Thursday 30 January 2020

A Pritchett Curiosity

The city centre of Wellington, as I’ve noted before, is blessed with three very good second-hand bookshops, all within a few minutes’ walking distance of each other, and each rewarding in its own way. At the smallest of them, The Ferret Bookshop on Cuba Street, I found the other day a novel by V.S. Pritchett that I didn’t even know existed…
  Dead Man Leading was published in 1937, politely received, and then, it seems, forgotten, until it was reissued as a Twentieth Century Classic by Oxford in 1984, with a perceptive Introduction by Paul Theroux. That’s the edition I found on the Ferret’s shelves. Dead Man Leading tells the story of an expedition heading deep into the Brazilian jungle in search of the missionary father of the explorer-hero Harry Johnson, an intense, solitary man driven by strange compulsions. His father has been missing for 17 years, so the expedition is clearly a forlorn hope, but Harry, who has a great deal of what might be called charisma, has persuaded the experienced Charles Wright to be its leader, and Gilbert Phillips, a journalist, is also of the party. Each of these three men is linked to one woman, Charles’s step-daughter Lucy, with whom Gilbert has had a short, fairly straightforward romance, and Harry – a man brought up to hate women – a far from straightforward one, from which the expedition is a form of flight.
  What unfolds is at once an adventure story, full of dramatic incident and reversals, a tale of survival (and the opposite), and a study in the psychology of exploration – in Harry’s case at least, the morbid (and specifically male) psychology of exploration. Although Pritchett had never set foot in Brazil at the time he wrote this novel, his evocation of the jungle – of the sapping heat and teeming life, the sounds, sights and smells – is entirely convincing (though he slips up once, when an orang-utan makes a brief appearance). Years later, Pritchett visited Brazil and was glad to discover that he’d got the atmosphere of the endless jungle right in his novel of 1937.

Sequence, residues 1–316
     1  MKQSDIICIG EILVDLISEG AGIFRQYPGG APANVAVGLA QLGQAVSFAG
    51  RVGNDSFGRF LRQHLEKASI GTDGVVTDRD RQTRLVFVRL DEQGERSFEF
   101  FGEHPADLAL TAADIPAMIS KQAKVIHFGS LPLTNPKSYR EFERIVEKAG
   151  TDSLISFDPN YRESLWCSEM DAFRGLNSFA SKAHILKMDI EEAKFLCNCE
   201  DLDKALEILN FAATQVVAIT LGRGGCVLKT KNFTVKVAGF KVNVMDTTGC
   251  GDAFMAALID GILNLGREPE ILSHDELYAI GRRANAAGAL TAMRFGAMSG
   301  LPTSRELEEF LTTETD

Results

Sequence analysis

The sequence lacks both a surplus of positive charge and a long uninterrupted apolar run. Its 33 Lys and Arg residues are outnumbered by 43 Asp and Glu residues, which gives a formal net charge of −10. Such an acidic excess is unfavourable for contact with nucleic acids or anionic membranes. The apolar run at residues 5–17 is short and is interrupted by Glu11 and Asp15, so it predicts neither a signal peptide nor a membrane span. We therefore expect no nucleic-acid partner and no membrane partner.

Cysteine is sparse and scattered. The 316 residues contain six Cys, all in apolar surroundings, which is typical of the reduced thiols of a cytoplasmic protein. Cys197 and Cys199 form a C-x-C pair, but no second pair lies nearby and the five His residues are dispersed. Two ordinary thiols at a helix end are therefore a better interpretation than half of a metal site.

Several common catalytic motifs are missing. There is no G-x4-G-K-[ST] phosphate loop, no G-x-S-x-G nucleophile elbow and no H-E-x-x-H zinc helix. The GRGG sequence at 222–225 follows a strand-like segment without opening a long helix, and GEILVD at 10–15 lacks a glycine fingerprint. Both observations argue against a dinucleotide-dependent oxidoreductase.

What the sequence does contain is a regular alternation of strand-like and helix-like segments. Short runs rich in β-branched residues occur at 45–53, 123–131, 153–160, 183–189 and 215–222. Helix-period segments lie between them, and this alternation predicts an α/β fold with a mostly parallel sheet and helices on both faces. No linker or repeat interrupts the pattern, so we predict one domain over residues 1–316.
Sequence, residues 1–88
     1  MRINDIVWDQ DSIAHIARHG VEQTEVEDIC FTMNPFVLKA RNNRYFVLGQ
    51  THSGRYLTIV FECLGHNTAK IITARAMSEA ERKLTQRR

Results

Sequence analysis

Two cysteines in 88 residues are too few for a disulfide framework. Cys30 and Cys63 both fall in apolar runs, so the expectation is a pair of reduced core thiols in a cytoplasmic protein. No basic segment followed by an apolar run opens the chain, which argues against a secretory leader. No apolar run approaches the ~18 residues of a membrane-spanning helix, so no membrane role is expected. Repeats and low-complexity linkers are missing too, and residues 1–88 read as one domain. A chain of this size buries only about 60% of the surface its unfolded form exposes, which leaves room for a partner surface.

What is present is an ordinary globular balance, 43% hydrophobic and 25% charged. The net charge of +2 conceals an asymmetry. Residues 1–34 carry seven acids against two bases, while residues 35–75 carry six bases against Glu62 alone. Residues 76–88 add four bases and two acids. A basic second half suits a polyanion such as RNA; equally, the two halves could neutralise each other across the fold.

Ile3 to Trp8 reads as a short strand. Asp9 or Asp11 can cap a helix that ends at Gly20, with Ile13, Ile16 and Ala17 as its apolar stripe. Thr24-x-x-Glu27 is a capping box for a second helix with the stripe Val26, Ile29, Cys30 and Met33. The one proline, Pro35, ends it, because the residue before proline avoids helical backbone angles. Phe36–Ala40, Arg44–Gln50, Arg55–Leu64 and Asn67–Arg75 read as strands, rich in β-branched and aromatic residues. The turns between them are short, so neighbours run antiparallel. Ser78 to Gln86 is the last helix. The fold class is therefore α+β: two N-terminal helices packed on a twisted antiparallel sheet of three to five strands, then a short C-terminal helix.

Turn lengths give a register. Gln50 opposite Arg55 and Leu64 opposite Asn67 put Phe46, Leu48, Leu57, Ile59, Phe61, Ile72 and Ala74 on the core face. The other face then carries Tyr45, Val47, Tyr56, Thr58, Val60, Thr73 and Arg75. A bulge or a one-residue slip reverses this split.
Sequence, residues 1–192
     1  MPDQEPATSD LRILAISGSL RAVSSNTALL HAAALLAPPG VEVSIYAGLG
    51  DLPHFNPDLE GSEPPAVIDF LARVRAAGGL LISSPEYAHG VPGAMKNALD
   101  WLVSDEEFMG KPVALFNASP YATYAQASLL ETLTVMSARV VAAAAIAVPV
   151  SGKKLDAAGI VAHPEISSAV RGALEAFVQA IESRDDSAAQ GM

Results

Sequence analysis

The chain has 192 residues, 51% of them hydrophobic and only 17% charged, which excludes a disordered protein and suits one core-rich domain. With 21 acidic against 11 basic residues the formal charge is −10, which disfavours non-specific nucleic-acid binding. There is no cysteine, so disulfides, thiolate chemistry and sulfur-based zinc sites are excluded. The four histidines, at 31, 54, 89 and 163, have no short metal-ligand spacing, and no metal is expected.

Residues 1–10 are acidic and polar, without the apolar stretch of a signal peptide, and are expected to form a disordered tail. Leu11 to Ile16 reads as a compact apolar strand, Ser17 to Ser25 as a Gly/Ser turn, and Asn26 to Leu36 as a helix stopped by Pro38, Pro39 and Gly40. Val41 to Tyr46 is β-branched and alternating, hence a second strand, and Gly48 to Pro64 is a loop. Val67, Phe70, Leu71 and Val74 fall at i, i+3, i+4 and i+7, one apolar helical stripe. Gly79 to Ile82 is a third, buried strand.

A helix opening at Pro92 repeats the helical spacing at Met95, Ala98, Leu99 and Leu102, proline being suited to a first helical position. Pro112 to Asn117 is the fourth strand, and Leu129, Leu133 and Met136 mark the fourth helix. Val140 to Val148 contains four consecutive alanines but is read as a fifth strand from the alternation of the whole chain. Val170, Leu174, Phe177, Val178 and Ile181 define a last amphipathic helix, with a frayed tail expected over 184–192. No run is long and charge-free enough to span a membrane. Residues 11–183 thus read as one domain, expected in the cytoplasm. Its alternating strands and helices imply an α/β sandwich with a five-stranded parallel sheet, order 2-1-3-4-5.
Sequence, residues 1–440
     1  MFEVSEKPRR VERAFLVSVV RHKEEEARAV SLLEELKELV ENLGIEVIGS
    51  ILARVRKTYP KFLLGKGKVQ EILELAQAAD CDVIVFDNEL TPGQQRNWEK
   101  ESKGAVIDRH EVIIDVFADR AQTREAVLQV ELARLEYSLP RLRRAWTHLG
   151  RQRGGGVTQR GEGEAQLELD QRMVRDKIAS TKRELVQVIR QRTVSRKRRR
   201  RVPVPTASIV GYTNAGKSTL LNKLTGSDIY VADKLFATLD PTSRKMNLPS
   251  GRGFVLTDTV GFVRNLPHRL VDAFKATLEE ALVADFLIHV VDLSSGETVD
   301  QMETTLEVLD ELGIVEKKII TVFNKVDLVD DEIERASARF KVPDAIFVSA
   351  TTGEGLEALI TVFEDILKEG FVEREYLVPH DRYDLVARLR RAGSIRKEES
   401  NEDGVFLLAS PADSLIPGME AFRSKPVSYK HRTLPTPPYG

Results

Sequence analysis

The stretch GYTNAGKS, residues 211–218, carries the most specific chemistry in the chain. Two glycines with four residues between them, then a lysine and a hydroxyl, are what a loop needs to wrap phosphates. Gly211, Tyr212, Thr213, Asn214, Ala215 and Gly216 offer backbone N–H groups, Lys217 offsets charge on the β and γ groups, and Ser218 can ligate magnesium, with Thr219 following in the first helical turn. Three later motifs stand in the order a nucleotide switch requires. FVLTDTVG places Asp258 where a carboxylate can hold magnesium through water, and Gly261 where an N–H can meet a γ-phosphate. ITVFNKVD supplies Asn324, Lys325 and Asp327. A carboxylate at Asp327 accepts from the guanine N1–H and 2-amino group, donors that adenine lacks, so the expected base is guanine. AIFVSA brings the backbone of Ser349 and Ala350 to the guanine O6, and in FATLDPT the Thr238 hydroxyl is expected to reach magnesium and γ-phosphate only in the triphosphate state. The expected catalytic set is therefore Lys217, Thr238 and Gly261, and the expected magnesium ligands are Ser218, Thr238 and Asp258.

Dead Man Leading is a very atypical Pritchett work – if I’d read it without knowing who was the author, I don’t think I’d have guessed it right – and it could have been rather heavy going (at least for one not much given to reading adventure stories) if it had stayed narrowly focused on the three Englishmen and their mad expedition. Fortunately, however, along the way a character crops up who is more in Pritchett’s regular line – the unabashed scoundrel Calcott, a Londoner in unhappy exile, who carries a very English chip on his shoulder about class and ‘university men’, and who fights the boredom of his life with séances stage-managed by his urbane Portuguese friend, Silva. The energy generated by the scenes featuring these two suggests another novel – or at least a short story – struggling to break out of Pritchett’s tale of adventure, but it’s one that never got written. Instead we have Dead Man Leading, a novel that is of course well written, of course readable, of course full of nice touches – this is Pritchett after all – but ultimately more of a curiosity than a must-read.

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